The high seas collision that didn't happen, didn't happen about dawn Saturday.
It was then that a barge pushed by a tug and operating without radar emerged from a "black thick of fog" just past Thacher Island into a flotilla of day-fishing boats, local fishermen said yesterday.
The tug and the barge were within shouting distance of two boats — Bill Lee's Ocean Reporter and Paul Theriault's Terminator — both about 40 feet long and trawling for the tantalizing spring influx of haddock with the federal closing of the inshore waters just days away at the end of the month.
Theriault said he avoided a collision by throwing his motor into neutral and giving the wench motor full power.
In those conditions, instead of wenching the trawl net into the boat, the boat — which has less drag than the net and trawl doors on the bottom — tends to slide backward briefly, just enough to allow the 130-foot-long, 40-foot-wide barge, pushed by a 30-foot tug, to ease past.
"We could have had a conversation," said Greg Bashaw, who was on the bridge of the tug navigating by sight through the fog and past the boats.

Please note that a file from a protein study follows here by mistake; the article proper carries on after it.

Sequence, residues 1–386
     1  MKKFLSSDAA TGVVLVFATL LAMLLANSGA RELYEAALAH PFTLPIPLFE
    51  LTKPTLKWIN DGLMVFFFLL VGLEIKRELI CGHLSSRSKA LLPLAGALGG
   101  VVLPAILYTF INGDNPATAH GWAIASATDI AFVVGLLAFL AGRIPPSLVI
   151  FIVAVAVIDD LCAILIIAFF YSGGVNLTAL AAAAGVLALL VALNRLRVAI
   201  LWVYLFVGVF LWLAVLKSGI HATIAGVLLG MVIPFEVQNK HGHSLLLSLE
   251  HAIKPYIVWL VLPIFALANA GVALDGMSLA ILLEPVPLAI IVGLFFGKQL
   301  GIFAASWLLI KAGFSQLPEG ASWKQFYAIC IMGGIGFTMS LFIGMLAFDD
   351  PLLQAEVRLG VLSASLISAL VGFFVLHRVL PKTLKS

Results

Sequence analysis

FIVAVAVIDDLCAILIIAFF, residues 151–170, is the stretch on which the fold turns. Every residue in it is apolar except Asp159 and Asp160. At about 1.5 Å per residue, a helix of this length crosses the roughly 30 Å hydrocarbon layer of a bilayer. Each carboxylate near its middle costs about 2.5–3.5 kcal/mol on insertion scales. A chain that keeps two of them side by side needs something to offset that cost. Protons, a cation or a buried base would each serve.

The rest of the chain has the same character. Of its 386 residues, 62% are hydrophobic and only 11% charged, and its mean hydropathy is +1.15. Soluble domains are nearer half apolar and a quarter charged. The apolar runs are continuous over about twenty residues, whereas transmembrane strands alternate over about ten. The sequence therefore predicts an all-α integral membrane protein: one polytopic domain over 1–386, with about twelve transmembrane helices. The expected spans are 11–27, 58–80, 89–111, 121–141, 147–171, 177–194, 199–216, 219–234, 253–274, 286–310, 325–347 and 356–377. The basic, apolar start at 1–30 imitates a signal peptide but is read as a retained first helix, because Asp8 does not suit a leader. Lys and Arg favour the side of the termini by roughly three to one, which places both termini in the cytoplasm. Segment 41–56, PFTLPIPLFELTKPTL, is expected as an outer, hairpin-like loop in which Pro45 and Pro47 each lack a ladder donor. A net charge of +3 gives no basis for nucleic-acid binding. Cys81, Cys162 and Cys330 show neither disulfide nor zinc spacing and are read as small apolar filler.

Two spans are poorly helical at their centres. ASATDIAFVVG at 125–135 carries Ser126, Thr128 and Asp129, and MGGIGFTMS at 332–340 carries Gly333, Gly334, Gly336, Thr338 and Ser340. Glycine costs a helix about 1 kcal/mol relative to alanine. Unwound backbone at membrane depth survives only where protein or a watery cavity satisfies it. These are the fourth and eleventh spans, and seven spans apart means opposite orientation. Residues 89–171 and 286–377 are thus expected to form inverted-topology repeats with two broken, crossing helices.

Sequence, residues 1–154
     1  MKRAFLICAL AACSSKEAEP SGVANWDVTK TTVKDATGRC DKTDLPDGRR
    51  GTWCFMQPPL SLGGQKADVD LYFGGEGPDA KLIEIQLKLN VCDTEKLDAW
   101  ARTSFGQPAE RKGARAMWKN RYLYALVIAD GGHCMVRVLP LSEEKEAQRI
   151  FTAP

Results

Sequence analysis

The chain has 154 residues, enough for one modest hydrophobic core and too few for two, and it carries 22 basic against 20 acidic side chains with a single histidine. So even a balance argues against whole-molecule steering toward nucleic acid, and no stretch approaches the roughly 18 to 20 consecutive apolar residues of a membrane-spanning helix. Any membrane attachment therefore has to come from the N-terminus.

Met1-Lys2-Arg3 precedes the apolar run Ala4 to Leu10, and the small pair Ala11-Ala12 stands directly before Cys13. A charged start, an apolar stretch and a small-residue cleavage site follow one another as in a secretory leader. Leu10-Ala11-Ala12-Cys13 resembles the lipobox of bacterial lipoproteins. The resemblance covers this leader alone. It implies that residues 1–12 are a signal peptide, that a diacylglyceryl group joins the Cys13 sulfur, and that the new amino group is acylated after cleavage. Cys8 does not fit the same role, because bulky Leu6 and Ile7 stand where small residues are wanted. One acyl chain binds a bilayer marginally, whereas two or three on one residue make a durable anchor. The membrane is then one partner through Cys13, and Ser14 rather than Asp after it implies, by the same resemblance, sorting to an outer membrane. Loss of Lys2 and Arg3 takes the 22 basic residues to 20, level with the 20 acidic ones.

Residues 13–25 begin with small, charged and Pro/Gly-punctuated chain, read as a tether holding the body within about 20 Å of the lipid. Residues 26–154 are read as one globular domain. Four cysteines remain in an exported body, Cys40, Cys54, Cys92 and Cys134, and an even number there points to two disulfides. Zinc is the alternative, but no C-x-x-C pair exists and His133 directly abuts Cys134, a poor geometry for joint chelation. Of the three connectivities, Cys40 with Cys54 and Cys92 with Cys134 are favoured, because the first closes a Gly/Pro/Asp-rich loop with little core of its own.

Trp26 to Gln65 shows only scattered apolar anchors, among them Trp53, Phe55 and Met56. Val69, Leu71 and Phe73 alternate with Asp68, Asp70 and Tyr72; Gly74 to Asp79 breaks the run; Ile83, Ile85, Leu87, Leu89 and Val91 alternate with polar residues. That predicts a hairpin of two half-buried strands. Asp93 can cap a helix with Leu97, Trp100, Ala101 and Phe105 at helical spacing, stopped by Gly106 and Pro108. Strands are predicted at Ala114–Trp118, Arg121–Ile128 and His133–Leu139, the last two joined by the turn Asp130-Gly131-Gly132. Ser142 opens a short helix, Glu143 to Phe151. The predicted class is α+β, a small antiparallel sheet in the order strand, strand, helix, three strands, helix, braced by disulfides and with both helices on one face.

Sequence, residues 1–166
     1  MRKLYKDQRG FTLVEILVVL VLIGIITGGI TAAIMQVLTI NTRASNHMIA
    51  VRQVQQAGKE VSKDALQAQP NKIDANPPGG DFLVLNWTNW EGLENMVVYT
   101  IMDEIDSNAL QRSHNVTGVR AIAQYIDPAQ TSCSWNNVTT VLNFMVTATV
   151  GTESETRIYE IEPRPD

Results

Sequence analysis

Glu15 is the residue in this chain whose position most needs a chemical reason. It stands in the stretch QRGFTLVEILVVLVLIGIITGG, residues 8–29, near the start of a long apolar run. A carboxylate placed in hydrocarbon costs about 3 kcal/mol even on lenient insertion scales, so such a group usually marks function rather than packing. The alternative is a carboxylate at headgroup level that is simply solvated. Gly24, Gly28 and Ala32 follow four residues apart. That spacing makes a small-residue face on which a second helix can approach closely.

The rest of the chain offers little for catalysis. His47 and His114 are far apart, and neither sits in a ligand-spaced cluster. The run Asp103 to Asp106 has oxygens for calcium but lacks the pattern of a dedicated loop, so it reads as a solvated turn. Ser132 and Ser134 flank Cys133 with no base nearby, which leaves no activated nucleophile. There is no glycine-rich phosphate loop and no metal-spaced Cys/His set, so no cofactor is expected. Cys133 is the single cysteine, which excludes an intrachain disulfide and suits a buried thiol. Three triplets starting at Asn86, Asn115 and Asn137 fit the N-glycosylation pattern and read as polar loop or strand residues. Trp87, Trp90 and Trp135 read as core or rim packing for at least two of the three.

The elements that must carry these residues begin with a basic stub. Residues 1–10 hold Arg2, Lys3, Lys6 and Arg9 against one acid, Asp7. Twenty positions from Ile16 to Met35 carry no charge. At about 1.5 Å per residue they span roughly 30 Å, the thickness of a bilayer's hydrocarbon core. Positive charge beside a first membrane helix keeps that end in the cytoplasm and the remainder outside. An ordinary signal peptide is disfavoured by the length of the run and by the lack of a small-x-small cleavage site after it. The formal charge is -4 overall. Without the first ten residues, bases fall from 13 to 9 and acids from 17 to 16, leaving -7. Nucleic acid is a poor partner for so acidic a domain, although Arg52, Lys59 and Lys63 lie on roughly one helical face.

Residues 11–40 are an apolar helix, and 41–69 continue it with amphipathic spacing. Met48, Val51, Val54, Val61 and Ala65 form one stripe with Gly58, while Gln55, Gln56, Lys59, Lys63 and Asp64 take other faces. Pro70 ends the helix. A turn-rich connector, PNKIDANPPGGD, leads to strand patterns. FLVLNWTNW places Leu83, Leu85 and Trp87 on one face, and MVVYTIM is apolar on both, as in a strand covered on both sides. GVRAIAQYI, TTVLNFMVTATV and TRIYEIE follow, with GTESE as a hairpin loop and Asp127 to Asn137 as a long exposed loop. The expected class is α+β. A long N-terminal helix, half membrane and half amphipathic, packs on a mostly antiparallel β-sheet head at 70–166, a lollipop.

A licensed tug captain and assistant project manager, Bashaw said the tug left Boston about 11:30 p.m. Friday, gambling that the calm seas would allow his company, C. White Marine Inc., to fulfill a delayed commitment and get a crane to Newburyport where it was needed for an emergency bridge repair job.
"There were 20 boats in the area," said Lee, who was trawling alongside Theriault about 6:30 a.m. "It was very foggy. We were all on the radio with each other. One boat says, 'A barge just went by pushed by a tug, with a guy on the roof.'